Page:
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Injury Series – Sever’s Disease

Injury Series – Sever’s Disease

Injury Series – Sever’s Disease

Sever’s disease, or calcaneal apophysitis as it’s medically known, sounds worrying but is surprisingly common.

It’s a condition that affects children, usually during a growth spurt in adolescence, and even though it’s temporary with no lasting effects, it can be painful and debilitating.

Sever’s disease symptoms

Typically, Sever’s sufferers will complain of pain in one or both heels, often at the back and sometimes the sides of the heel. The pain gets worse during and after activity, to the point where they may have some difficulty walking and have to hobble off the sports field. It can be sore to touch, or if the heel is squeezed, but usually swelling and redness doesn’t occur.

The good news is, is that getting onto it quickly with the right treatment, Sever’s will most likely be self-limiting and last anywhere from two – 12 weeks.

What causes Sever’s disease?

In children, the calcaneus (heel) bone is in two parts that are joined by an area of cartilage known as the growth plate (or epiphyseal plate). This, along with other growth plates in bones in the skeleton, allows for kids’ bones to grow as they get older and bigger.

By about the age of 15, the growth plate is fused and the calcaneus becomes one solid bone, but while the cartilage is in place it is weaker than normal bone and more prone to injury.

Sever’s occurs when there is rapid growth of the leg bones and calcaneus. The calf muscles and Achilles tendon become tight and struggle to keep up with the demand on them to lengthen accordingly. As the Achilles tendon strains repeatedly on the heel, the plantar fascia pulls in the opposite direction and pressure is placed on the growth plate. Inflammation and pain are the result.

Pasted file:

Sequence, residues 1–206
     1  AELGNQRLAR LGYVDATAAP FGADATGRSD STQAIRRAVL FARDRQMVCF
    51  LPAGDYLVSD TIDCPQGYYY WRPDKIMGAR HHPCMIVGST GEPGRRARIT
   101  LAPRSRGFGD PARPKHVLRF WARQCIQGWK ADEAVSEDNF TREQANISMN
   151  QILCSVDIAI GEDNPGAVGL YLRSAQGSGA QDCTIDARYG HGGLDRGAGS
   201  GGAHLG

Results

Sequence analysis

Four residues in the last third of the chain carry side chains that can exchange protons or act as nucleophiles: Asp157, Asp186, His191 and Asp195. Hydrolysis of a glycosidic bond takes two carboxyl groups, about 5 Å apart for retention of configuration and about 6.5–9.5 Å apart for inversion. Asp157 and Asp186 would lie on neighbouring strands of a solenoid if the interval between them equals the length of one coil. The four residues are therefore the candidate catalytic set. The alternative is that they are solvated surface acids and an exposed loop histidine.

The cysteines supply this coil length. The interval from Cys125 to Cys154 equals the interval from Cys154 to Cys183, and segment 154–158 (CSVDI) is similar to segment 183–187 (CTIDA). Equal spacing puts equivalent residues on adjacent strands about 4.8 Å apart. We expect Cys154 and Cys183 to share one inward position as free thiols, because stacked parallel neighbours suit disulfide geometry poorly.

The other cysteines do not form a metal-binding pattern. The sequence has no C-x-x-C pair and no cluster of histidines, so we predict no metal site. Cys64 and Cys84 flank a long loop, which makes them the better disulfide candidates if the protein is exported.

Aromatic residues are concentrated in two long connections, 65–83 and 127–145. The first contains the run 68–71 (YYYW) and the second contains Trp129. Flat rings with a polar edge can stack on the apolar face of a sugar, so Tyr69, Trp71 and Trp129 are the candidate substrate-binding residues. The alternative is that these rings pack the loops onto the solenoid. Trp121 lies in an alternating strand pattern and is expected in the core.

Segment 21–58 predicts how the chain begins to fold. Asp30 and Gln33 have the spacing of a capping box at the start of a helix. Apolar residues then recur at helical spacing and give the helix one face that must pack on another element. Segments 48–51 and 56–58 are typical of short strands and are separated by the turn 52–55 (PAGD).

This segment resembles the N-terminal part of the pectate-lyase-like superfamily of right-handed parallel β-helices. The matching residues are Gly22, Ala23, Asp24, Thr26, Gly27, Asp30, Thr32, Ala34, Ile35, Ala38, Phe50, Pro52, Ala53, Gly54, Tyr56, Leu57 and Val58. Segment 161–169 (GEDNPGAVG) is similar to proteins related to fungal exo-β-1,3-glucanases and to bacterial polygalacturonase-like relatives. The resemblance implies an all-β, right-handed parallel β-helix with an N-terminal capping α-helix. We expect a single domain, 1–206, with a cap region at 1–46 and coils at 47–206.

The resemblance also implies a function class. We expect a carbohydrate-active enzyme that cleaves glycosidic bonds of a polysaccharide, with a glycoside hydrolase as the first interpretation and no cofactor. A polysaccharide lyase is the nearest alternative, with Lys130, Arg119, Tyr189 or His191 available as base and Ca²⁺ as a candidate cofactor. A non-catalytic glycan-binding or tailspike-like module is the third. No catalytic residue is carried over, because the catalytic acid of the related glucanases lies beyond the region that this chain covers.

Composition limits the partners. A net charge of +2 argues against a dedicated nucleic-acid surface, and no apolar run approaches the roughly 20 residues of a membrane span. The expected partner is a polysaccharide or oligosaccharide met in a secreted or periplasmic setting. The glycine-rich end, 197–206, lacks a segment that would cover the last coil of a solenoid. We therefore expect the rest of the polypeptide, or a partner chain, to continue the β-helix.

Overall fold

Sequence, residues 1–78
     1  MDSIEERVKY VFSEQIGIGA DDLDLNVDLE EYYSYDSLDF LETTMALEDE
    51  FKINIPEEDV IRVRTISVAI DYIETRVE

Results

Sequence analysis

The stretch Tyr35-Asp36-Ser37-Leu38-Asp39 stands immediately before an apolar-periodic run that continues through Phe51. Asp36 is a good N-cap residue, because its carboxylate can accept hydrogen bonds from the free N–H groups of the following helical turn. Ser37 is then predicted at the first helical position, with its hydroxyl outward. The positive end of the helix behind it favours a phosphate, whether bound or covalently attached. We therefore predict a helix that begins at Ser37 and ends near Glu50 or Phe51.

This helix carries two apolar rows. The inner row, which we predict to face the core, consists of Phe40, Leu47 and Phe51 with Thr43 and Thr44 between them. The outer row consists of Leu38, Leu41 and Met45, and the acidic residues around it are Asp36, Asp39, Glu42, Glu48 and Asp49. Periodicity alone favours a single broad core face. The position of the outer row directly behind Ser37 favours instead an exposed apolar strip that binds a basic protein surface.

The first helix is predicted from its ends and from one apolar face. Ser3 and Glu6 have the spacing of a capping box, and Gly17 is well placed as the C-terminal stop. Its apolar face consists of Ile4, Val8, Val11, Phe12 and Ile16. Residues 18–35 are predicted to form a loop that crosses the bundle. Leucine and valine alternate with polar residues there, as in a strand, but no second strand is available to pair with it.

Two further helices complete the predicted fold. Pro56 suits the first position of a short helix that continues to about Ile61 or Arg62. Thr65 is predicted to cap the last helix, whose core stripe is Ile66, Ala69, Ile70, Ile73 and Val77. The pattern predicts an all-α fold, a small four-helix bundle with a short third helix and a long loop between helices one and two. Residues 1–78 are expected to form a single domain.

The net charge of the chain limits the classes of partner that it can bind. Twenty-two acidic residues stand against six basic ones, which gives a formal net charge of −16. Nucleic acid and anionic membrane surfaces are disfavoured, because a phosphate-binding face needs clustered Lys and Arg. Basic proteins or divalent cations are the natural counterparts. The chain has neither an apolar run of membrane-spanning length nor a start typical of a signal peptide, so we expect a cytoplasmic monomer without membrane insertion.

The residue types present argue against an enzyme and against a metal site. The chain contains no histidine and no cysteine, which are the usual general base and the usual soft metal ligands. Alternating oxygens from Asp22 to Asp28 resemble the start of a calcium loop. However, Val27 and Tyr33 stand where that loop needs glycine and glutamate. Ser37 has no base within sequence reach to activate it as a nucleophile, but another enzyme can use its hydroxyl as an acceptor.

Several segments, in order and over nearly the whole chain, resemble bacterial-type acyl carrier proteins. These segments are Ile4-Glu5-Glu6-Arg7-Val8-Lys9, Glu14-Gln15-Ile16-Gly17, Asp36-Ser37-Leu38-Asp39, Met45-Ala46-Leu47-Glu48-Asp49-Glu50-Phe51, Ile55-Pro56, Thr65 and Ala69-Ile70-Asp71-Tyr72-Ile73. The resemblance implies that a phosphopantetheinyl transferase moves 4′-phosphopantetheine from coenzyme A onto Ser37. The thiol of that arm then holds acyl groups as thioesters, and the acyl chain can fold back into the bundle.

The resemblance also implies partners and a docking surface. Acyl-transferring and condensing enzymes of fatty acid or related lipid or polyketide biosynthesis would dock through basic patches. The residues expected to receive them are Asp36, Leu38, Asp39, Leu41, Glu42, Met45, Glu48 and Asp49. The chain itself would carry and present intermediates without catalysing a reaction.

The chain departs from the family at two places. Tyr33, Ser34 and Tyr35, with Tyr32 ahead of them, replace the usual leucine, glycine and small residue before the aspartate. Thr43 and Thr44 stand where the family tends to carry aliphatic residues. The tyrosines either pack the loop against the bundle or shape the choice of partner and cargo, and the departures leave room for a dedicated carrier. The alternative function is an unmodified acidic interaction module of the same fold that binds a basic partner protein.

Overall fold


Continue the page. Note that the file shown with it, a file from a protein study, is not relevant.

The same can occur in Osgood Schlatter disease, at the knee.

Who is most at risk of getting Sever’s?

It can occur in any child, but is more typical in very active children between the ages of 8-15.

Sports that include repetitive running and jumping are more likely to exacerbate symptoms, especially if the playing surface is hard.

As well, some biomechanical factors such as over pronation, very flat or high arches and uneven leg length can predispose people to Sever’s.

How is Sever’s disease diagnosed?

Mainly through the symptoms described by the sufferer, and examination of the foot/ankle. An x-ray will show if the growth plate is still open, and will rule out fractures, but it can’t diagnose Sever’s.

How is Sever’s disease treated?

The first goal of treatment is pain relief such as ice, elevation, compression and, if needed, medication such as paracetamol and ibruprofen.

Rest, or at least significant reduction in the aggravating sports/activities, is important to allow the inflammation to settle and reduce reoccurrence. Other activities like swimming or biking might still be ok, providing they don’t cause pain.

High quality, well-fitted shoes are recommended to help support the foot properly and reduce loading on the Achilles. Look for shoes with a firm heel counter and good shock absorbency.

Avoid shoes with heels or running barefoot, which can increase Achilles tightness even more, or alternatively overload it.

It is worth a visit to a podiatrist if there are altered foot biomechanics and orthotics may need to be prescribed.

Reassure your child that despite the condition being frustrating and painful, it is one that will clear up with the right management.

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